uu.seUppsala University Publications
Change search
CiteExportLink to record
Permanent link

Direct link
Cite
Citation style
  • apa
  • ieee
  • modern-language-association
  • vancouver
  • Other style
More styles
Language
  • de-DE
  • en-GB
  • en-US
  • fi-FI
  • nn-NO
  • nn-NB
  • sv-SE
  • Other locale
More languages
Output format
  • html
  • text
  • asciidoc
  • rtf
A novel approach used outcome distribution curves to estimate the population-level impact of a public health intervention
Uppsala University, Disciplinary Domain of Medicine and Pharmacy, Faculty of Medicine, Department of Women's and Children's Health. (Socialpediatrisk forskning/Sarkadi)
Uppsala University, Disciplinary Domain of Medicine and Pharmacy, Faculty of Medicine, Department of Women's and Children's Health. (Socialpediatrisk forskning/Sarkadi)
National Institute of Health and Care Excellence, Centre for Public Health, London, UK.
Uppsala University, Disciplinary Domain of Medicine and Pharmacy, Faculty of Medicine, Department of Women's and Children's Health. (Socialpediatrisk forskning/Sarkadi)
2014 (English)In: Journal of Clinical Epidemiology, ISSN 0895-4356, E-ISSN 1878-5921, Vol. 67, no 7, p. 785-792Article in journal (Refereed) Published
Abstract [en]

Objectives: To provide an analytical framework within which public health interventions can be evaluated, present its mathematical proof, and demonstrate its use using real trial data. Study Design and Setting: This article describes a method to assess population-level effects by describing change using the distribution curve. The area between the two overlapping distribution curves at baseline and follow-up represents the impact of the intervention, that is, the proportion of the target population that benefited from the intervention. Results: Using trial data from a parenting program, empirical proof of the idea is demonstrated on a measure of behavioral problems in 355 preschoolers using the Gaussian distribution curve. The intervention group had a 12% [9%-17%] health gain, whereas the control group had 3% [1%-7%]. In addition, for the subgroup of parents with lower education, the intervention produced a 15% [6%-25%] improvement, whereas for the group of parents with higher education the net health gain was 6% [4%-16%]. Conclusion: It is possible to calculate the impact of public health interventions by using the distribution curve of a variable, which requires knowing the distribution function. The method can be used to assess the differential impact of population interventions and their potential to improve health inequities.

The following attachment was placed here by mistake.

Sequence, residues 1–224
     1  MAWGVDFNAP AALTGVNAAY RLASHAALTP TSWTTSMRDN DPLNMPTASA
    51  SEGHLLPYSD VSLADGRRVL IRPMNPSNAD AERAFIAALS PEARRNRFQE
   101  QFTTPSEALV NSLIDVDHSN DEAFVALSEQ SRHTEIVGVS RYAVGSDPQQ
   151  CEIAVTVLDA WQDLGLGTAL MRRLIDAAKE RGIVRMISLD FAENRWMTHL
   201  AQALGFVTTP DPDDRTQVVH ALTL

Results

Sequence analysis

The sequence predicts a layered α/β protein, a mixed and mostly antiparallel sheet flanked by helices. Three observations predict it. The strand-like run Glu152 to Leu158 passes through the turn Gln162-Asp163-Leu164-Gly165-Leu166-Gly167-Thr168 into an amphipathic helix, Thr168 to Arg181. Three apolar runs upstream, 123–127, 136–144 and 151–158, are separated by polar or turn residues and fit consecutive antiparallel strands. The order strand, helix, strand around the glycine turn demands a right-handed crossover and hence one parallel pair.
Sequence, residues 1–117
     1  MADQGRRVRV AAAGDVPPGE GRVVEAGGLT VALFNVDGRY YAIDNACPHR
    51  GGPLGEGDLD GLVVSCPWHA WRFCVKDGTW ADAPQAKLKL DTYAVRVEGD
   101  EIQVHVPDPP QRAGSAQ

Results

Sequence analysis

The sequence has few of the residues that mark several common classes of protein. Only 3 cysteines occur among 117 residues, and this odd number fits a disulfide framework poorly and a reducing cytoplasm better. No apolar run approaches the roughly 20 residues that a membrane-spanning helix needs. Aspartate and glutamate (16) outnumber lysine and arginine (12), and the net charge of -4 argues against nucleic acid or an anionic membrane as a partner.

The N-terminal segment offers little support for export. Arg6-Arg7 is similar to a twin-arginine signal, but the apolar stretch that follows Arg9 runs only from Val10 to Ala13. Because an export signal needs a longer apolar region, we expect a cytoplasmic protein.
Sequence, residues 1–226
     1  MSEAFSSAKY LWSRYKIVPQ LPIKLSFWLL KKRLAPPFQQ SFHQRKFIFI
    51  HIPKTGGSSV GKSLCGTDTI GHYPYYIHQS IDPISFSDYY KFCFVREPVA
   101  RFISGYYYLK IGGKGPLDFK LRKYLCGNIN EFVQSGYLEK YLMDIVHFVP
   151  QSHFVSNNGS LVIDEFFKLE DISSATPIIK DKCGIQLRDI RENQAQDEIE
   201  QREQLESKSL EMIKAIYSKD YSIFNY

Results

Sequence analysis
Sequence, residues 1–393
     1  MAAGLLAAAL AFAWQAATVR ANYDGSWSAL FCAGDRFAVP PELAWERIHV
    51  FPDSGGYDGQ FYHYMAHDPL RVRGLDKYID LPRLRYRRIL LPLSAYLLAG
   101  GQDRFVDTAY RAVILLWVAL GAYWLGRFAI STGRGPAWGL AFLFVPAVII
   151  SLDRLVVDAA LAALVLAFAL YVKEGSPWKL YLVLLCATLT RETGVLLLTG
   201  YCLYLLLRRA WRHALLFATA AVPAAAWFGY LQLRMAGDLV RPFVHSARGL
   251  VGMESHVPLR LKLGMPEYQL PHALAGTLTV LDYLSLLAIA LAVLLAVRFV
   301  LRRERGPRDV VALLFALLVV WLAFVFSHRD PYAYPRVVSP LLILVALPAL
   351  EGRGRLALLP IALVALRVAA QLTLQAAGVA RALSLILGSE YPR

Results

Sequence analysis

Place, publisher, year, edition, pages
2014. Vol. 67, no 7, p. 785-792
Keywords [en]
Public health, Intervention studies, Normal distribution, Area under the curve, Primary prevention, Parenting education
National Category
Public Health, Global Health, Social Medicine and Epidemiology
Identifiers
URN: urn:nbn:se:uu:diva-228973DOI: 10.1016/j.jclinepi.2013.12.012ISI: 000337983600009OAI: oai:DiVA.org:uu-228973DiVA, id: diva2:735304
Available from: 2014-07-25 Created: 2014-07-24 Last updated: 2018-01-08
In thesis
1. Prevention and Treatment of Externalizing Behaviour Problems in Children through Parenting Interventions: An Application of Health Economic Methods
Open this publication in new window or tab >>Prevention and Treatment of Externalizing Behaviour Problems in Children through Parenting Interventions: An Application of Health Economic Methods
2016 (English)Doctoral thesis, comprehensive summary (Other academic)
Abstract [en]